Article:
Before they had a guy who put out fires, the Joe team had a guy who started them.
Blowtorch is thoroughly familiar with all military incendiary devices and flame projection equipment.
To Blowtorch, the use of fire in combat is a science that predates the bow and arrow. He's a qualified expert in the M-7 flamethrower, M-16 rifle, and M-1911A1 auto pistol. He also has an annoying habit of checking every smoke detector he sees.
"Blowtorch can't sleep unless he's near a smoke detector. Cigarette smoke drives him bananas. He always sits near the exit in movietheaters and refuses to live anywhere where he can't safely jump out the windows. This is not irrational to him. These are actions based on intimate knowledge."
Despite being one of the earliest GI Joe figures, Blowtorch has never really gotten a lot of respect. He only appeared on 22 episodes of the cartoon, and half as many issues of the comic - including the DDP run! If not for that BTR version of him, we wouldn't even have had a proper update in 25 years. This figure is based on the new Arctic Snake-Eyes, though with so many changes that he can barely be recognized. The padding on his chest is a separate piece, and his arms and lower legs are new.
Blowtorch's head is new, and Mr. Timothy Hanrahan has been given quite a bit of personality - far more than he got for being the full-on stereotypical "faith an' begorrah!" Irish potato-eater on the cartoon. Rather than the stern fatherly face of the G1 toy or the rather plain face from G2, this G3 version has a small grin, suggesting he's having fun on his assignment. He's still got the plastered down haircut as the 1984 version.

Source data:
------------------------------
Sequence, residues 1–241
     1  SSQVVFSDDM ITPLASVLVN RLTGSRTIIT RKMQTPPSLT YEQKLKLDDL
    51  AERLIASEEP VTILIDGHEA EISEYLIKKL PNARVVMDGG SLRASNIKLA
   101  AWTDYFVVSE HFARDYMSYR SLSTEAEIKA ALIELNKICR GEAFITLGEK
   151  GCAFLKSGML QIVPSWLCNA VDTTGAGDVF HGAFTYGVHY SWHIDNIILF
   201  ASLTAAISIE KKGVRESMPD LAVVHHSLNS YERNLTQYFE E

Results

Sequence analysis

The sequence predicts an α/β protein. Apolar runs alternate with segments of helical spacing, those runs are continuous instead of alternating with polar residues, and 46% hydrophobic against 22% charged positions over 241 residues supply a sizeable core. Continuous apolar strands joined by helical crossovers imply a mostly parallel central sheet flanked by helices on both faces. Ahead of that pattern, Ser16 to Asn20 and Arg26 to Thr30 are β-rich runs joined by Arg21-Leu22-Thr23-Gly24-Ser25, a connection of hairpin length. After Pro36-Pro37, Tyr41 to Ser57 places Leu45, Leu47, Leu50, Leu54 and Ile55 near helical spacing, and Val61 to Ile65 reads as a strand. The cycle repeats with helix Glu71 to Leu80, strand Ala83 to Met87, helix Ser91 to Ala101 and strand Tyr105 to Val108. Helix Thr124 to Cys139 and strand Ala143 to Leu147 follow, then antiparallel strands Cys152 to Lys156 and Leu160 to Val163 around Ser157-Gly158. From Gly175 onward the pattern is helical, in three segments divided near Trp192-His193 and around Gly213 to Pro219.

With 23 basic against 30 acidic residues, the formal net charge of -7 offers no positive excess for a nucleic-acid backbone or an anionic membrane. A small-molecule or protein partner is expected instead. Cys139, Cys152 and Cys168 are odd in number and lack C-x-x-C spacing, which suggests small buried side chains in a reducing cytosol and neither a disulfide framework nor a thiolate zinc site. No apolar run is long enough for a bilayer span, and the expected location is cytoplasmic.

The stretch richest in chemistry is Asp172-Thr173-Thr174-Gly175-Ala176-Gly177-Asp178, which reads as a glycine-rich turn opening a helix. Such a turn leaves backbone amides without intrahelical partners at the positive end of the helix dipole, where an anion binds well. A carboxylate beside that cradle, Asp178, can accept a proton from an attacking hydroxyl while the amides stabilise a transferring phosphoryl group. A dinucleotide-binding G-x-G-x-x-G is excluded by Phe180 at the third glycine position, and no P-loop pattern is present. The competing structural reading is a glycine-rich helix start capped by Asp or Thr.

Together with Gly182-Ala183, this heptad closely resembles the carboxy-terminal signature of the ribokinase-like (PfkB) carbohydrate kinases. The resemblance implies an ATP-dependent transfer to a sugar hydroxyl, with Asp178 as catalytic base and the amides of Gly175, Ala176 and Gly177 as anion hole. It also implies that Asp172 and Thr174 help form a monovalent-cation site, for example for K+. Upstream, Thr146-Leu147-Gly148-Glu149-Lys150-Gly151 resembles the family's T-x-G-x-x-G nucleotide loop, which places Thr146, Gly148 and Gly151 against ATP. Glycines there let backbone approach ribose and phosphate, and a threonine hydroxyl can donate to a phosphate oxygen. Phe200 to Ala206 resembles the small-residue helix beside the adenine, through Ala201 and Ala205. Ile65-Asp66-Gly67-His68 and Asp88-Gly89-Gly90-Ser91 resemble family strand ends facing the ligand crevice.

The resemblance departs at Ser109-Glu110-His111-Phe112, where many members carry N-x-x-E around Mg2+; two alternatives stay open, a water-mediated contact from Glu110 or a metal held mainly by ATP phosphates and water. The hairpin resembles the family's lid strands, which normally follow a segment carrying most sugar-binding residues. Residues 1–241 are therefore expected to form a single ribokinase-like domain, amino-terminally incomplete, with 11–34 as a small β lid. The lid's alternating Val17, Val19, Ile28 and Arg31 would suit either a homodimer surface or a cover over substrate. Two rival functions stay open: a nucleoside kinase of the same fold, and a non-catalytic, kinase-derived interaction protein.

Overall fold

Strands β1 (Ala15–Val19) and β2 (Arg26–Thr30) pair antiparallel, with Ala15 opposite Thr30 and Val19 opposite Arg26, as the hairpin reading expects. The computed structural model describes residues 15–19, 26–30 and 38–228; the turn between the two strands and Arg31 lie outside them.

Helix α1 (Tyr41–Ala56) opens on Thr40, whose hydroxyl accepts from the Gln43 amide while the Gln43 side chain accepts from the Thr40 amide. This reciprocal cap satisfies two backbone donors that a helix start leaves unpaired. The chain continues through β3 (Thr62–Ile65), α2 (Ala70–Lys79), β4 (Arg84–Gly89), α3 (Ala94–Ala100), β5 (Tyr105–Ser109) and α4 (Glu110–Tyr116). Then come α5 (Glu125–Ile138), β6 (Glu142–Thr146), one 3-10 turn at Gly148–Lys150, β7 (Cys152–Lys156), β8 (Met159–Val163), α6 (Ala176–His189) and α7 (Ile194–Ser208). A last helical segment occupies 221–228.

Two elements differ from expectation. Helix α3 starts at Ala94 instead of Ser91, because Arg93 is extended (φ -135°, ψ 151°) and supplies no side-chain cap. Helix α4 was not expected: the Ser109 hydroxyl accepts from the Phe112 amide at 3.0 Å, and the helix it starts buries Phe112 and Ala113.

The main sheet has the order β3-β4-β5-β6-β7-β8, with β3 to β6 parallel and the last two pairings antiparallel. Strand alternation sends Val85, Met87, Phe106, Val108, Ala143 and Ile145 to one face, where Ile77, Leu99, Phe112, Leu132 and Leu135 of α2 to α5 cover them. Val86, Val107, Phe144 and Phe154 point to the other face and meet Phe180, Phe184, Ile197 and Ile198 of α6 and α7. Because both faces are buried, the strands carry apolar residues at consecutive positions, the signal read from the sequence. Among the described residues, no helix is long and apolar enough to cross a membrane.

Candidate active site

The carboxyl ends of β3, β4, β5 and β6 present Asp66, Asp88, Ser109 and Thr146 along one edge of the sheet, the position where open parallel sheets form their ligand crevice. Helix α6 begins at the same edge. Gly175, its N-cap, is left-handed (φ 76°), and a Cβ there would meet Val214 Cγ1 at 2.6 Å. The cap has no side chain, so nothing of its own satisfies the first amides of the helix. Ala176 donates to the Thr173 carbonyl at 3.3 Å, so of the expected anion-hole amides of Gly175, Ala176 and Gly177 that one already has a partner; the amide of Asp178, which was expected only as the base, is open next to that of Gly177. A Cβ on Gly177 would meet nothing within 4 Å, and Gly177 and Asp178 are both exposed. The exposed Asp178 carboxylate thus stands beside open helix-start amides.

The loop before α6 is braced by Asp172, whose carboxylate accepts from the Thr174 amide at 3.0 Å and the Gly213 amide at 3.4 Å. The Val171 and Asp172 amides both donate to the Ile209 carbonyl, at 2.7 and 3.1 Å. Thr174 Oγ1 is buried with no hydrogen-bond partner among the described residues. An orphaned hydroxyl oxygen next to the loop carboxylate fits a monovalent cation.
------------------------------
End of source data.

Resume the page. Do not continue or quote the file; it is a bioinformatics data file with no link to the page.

In addition to being the first figure to break the color barrier (so to speak) with the Joe Team, the 1984 Blowtorch was the first to feeature a removable facemask. This figure keeps that alive, but does a much better job of it. The helmet fits tightly on his head, which not all the G3 figures can claim. The mask, rather than having a strap that wraps all the way around the head, has two small pegs that fit into the sides of the helmet. The mask is just a bit too wide to have both pegs tightly in place at once, but it will still stay on well, even with the (thick, molded) air hose plugged into his chest. There's a tab to tuck into the brim of the helmet, and the goggles are painted blue.
Blowtorch's backpack fuel cannister has gotten an upgrade, as well. At a glance it looks the same -
in fact, under close inspection it looks the same, too. But there's a large panel on the left that can be removed, and a slot on the side where you can plug in the flamethrower for storage. Accordingly, the flamethrower has a matching tab on the side, and the hose connecting the flamethrower to the backpack is a separate, flexible piece, rather than a molded part of the weapon.
A few construction notes that apply to my figure,
but may or may not apply to yours: His right leg is noticably longer than his left, so unless you pose him with a slight bend in his knee, he's always be leaning to the side. The discrepency is found in the shins, because he's even all the way down to the knees. Plus, my Blowtorch has two right forearms, but thankfully, it doesn't really screw with his articulation much; the left elbow moves just as far as it seems like it should. That's not something that would be obvious in the packaging, and even if it were, Blowtorch is the shortpack of this series, so good luck seeing one of him, let alone a second to compare.
Blowtorch is a figure that really shows off the best aspects of what the Generation 3 line can achieve: a handy update of an old classic, made from re-used parts but still looking entirely fresh, and with small updates made to the paint and accessories in the interest of making a better toy. This is terrific work, and if you're lucky enough to find one, I'd say get him.